You may want to use the following sources, but you will want to search beyond these links to discover additional information to aid you in your conclusion.
Check these sources:
From the Beginning
A comprehensive overview, organized around key concepts.
The science behind each concept is explained by: animation, image gallery, video interviews,
problem, biographies, and links.
The Great DNA Hunt
This abstract from 'Archaeology', a professional journal, offers
information of a 'mitochondrial eve'. In addition, inheritance questions concerning the origins of the Japanese people are discussed. This site offers
an interesting human migratory graphic.
The Debate over Human Origins
Information regarding the research question, as well as data concerning basic primate evolution, is contained in this site. The computer program used in the construction of the "Eve Theory" is discussed. A site well worth visiting, especially for those students concerned with the validity of the use of statistical analysis in the development of scientific theory.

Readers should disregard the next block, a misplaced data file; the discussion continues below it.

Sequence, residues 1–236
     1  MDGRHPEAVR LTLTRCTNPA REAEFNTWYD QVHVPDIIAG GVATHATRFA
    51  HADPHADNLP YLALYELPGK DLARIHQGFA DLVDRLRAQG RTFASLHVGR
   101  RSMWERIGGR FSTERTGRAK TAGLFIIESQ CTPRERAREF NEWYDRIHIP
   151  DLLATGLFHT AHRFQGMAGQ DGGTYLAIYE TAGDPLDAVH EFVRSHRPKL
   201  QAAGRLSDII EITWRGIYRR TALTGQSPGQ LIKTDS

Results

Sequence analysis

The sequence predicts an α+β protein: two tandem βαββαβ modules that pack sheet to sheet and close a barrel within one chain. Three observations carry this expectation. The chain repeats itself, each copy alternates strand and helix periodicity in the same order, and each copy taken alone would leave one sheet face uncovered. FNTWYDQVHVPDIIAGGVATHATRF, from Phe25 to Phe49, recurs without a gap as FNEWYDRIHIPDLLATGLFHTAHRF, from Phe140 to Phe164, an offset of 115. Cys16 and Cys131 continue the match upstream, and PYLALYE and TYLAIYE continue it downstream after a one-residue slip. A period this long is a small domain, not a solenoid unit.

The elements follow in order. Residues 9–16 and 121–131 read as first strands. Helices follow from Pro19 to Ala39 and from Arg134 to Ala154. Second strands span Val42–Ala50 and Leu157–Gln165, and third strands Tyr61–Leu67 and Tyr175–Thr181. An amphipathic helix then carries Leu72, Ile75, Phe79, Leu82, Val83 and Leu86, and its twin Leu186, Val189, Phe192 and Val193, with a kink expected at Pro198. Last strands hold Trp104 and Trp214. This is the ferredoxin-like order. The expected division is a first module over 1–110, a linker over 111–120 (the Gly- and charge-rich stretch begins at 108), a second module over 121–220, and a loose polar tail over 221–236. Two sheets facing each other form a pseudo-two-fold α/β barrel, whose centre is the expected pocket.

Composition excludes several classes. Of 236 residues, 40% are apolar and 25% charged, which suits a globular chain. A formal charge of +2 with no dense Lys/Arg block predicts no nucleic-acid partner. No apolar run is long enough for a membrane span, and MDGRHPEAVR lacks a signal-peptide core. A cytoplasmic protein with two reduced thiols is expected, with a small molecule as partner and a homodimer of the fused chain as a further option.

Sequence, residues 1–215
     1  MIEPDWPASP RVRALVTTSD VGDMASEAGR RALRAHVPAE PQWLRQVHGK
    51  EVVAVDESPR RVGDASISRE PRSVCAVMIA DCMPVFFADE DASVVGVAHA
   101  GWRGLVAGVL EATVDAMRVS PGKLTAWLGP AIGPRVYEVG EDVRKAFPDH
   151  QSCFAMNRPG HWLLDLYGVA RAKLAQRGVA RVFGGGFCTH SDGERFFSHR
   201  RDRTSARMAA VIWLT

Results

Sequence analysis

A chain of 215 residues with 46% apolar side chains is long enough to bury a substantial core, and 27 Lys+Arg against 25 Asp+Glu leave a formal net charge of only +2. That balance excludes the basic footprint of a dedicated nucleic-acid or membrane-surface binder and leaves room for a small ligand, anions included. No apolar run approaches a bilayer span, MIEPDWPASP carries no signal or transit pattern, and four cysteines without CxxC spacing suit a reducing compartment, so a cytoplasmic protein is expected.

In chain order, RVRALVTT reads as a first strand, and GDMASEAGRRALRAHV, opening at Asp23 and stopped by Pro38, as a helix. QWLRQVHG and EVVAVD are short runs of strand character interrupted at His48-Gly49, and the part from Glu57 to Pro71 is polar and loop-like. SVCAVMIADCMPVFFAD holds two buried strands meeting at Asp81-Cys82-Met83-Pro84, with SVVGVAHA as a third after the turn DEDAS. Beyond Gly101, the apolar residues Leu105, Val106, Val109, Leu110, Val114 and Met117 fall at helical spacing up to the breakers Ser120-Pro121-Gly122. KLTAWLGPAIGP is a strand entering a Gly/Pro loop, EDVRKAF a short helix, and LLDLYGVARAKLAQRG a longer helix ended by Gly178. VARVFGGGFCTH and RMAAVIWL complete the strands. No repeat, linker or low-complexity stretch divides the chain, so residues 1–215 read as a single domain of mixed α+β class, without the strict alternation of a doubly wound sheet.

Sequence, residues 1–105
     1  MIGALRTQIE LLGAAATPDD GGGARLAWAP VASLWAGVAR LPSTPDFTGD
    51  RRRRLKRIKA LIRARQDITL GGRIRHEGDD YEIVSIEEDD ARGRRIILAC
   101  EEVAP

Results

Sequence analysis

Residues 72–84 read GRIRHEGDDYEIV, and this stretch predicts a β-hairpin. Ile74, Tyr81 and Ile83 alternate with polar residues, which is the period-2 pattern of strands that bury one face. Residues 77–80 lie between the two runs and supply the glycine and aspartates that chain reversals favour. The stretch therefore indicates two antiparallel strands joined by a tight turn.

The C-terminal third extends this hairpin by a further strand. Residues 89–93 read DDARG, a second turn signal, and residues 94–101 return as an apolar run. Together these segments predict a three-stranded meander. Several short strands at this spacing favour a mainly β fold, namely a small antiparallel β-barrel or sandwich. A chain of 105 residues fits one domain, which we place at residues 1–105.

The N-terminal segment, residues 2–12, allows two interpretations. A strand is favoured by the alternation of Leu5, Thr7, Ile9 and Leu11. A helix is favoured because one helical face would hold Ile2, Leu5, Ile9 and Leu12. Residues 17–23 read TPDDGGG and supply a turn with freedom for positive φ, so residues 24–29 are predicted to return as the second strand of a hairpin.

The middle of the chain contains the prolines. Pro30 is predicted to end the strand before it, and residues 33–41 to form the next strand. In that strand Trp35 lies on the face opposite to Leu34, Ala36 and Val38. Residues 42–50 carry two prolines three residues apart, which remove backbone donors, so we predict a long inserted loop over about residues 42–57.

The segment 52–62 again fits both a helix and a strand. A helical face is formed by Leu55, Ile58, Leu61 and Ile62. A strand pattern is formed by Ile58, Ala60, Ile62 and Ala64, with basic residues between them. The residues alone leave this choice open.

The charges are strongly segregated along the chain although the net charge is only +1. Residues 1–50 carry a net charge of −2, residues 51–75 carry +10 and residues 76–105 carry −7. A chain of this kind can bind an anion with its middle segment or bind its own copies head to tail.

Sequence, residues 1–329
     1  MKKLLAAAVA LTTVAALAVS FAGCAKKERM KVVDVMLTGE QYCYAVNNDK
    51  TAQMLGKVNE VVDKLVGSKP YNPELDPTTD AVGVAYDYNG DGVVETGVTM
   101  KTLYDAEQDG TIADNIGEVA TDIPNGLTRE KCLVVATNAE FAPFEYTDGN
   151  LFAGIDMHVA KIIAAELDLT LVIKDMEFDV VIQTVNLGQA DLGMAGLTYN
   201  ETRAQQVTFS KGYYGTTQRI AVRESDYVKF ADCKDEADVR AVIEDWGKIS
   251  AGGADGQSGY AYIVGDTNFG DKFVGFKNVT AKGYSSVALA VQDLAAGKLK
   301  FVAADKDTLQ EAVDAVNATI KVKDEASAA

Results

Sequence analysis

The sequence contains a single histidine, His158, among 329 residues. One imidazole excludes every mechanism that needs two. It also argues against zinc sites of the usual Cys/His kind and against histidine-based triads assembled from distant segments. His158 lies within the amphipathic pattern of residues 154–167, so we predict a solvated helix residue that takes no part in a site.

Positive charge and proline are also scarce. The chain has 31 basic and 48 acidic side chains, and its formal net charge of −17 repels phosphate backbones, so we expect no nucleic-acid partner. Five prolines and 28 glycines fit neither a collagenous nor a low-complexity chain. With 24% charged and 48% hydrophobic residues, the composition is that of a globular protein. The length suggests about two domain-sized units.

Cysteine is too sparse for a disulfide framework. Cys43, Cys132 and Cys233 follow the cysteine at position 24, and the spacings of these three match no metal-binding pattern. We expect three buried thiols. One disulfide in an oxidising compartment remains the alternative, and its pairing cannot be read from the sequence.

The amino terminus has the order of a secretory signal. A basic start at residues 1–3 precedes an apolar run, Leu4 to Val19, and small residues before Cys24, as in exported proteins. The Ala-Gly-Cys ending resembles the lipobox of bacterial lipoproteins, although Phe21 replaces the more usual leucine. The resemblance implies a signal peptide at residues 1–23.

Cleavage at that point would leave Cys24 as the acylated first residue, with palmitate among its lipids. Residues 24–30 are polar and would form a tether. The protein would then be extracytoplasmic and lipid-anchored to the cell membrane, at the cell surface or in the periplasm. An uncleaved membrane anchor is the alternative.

Tracking Down Mitochondrial "Eve"
and Y Chromosomal "Adam"
Mitochondrial Eve - An Explanation
Mitochondrial Eve represents one of the most poorly understood scientific ideas of the 20th century. In its time it has been feted and condemned, frequently by the same parties at different times. The premise of the idea is that we can all be traced back to a single woman living in Africa.
What are Mitochondria?
Mitochondria are the powerhouse of the cell. Technically 'organelles', mitochondria are essentially symbiotes1 – they consume the sugars that our bodies have converted from food, and in return produce electricity with which to power the cell. But why is it considered separate from the cell? This is an important distinction. The reason why mitochondria are considered separate is because they have their own DNA – DNA which is unaffected by other genetic exchanges.